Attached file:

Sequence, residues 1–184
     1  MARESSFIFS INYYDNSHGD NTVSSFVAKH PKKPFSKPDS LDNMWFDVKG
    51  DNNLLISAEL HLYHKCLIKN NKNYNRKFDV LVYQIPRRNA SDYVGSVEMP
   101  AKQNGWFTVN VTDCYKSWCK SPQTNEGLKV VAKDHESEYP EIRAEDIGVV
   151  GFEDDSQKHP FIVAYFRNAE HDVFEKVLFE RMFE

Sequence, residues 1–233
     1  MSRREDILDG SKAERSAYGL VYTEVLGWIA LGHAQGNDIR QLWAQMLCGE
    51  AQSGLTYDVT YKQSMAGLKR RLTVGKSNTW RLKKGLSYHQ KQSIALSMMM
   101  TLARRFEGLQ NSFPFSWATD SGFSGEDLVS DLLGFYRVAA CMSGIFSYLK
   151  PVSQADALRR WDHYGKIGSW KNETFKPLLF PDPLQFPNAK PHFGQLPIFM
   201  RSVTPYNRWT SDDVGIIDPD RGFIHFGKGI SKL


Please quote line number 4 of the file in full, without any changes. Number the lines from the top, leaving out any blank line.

   101  AKQNGWFTVN VTDCYKSWCK SPQTNEGLKV VAKDHESEYP EIRAEDIGVV